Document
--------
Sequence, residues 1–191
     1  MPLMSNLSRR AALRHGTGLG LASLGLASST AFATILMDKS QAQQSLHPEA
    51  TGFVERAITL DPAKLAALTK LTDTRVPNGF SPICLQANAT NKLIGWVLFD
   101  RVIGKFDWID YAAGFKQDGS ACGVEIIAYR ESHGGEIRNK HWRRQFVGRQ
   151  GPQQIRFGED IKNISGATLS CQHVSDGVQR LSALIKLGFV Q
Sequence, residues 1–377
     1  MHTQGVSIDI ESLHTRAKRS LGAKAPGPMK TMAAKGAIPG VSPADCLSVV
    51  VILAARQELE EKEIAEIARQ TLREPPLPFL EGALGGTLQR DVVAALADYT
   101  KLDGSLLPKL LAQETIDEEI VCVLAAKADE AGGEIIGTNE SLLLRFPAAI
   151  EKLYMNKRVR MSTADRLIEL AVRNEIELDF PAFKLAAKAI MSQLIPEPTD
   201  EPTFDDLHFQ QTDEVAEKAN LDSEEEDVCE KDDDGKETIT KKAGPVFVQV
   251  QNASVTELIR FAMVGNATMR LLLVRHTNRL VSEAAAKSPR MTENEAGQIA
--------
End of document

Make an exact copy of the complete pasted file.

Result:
Sequence, residues 1–191
     1  MPLMSNLSRR AALRHGTGLG LASLGLASST AFATILMDKS QAQQSLHPEA
    51  TGFVERAITL DPAKLAALTK LTDTRVPNGF SPICLQANAT NKLIGWVLFD
   101  RVIGKFDWID YAAGFKQDGS ACGVEIIAYR ESHGGEIRNK HWRRQFVGRQ
   151  GPQQIRFGED IKNISGATLS CQHVSDGVQR LSALIKLGFV Q
Sequence, residues 1–377
     1  MHTQGVSIDI ESLHTRAKRS LGAKAPGPMK TMAAKGAIPG VSPADCLSVV
    51  VILAARQELE EKEIAEIARQ TLREPPLPFL EGALGGTLQR DVVAALADYT
   101  KLDGSLLPKL LAQETIDEEI VCVLAAKADE AGGEIIGTNE SLLLRFPAAI
   151  EKLYMNKRVR MSTADRLIEL AVRNEIELDF PAFKLAAKAI MSQLIPEPTD
   201  EPTFDDLHFQ QTDEVAEKAN LDSEEEDVCE KDDDGKETIT KKAGPVFVQV
   251  QNASVTELIR FAMVGNATMR LLLVRHTNRL VSEAAAKSPR MTENEAGQIA